Placental transport of free palmitic and linoleic acids in the guinea pig.
Radioisotopic tracers were used to measure the unidirectional transfer rates of free fatty acids across the placenta of fed and fasted pregnant guinea pigs. Free (14)C-labeled palmitic and linoleic acids (in serum) were injected simultaneously into a jugular vein of an anesthetized pregnant guinea pig. Serial samples of maternal blood were collected from a carotid artery; fetal blood was collected from the umbilical vein of an exposed fetus. Analysis of maternal and fetal plasma revealed that: (a) the half-lives of free palmitic and linoleic acid in maternal plasma are approximately 1.3 min and 0.7 min, both in fed animals with low plasma concentrations of these acids and in fasted animals with high concentrations; (b) free linoleic and palmitic acids cross the placenta from maternal to fetal plasma in a ratio of approximately 2.0, a value which appears not to change as the transfer rates of these acids from maternal to fetal plasma are increased by fasting the mother. It is suggested that the ratio in which free linoleic and palmitic acids cross the placenta from maternal to fetal plasma is determined by the ratio of the unbound free linoleic and palmitic acid concentrations in maternal plasma. A comparison of several species indicates that a much greater proportion of fetal fatty acids comes from the mother in the guinea pig and rabbit than in the rat, the sheep, or man.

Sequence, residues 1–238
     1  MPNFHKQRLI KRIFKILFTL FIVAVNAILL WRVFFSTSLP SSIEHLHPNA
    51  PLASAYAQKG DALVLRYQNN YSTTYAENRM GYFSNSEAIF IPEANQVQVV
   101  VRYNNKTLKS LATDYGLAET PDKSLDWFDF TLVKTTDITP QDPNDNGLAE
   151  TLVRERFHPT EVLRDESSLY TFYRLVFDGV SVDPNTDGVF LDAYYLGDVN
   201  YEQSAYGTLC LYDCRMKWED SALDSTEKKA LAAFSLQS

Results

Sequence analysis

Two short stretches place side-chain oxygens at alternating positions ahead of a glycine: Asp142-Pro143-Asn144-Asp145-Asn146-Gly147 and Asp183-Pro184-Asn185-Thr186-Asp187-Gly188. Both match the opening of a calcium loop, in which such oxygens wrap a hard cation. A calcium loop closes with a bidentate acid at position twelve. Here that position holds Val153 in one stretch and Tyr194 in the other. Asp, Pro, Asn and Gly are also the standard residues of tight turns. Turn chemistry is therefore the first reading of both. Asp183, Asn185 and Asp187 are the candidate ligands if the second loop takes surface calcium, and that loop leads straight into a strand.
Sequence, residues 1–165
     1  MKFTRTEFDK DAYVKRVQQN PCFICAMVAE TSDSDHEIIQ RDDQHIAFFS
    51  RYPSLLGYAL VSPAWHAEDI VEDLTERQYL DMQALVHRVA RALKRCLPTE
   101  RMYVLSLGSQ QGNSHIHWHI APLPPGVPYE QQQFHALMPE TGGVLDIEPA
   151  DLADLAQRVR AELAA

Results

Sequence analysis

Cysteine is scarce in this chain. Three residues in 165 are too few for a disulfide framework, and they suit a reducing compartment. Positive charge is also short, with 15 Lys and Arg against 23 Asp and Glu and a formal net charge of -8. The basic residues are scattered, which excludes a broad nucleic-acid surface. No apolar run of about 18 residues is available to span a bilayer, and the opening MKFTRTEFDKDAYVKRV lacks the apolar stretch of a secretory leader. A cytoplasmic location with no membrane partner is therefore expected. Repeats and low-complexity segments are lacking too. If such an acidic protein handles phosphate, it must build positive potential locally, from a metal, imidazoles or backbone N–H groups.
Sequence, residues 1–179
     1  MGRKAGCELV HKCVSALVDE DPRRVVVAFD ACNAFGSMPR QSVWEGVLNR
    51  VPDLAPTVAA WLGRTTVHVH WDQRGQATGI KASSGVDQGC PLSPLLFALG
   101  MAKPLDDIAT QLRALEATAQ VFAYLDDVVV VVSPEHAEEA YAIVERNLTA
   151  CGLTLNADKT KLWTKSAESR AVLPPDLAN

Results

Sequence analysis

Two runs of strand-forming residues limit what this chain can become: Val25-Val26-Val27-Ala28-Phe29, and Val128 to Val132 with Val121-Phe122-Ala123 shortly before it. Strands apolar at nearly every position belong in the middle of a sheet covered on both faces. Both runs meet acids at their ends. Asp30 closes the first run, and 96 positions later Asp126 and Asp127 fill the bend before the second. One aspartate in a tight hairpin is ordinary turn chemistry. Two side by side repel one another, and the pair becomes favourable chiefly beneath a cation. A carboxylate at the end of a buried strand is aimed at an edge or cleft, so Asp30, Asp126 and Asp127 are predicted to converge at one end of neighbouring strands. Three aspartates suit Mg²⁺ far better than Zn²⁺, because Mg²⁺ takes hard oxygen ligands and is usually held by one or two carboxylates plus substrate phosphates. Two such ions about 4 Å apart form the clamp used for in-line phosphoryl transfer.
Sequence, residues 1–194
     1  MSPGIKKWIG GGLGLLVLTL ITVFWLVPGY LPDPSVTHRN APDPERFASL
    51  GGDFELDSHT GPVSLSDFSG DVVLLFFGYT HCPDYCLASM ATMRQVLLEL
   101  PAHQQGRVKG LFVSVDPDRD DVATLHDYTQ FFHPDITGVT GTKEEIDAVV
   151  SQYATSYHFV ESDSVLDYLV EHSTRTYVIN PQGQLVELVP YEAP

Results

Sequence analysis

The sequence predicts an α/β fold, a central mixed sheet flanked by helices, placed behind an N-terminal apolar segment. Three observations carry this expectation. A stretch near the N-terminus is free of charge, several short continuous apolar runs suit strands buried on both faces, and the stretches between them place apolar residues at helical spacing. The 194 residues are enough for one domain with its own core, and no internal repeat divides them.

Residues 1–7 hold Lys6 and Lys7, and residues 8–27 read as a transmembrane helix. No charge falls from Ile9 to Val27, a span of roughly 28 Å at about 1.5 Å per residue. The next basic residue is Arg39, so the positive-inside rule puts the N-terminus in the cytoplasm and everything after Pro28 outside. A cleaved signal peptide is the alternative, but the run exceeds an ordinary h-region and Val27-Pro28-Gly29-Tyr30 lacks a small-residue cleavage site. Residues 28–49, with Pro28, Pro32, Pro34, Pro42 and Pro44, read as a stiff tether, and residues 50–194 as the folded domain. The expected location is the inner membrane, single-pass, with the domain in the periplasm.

Hershfield, MS; Nemeth, AM
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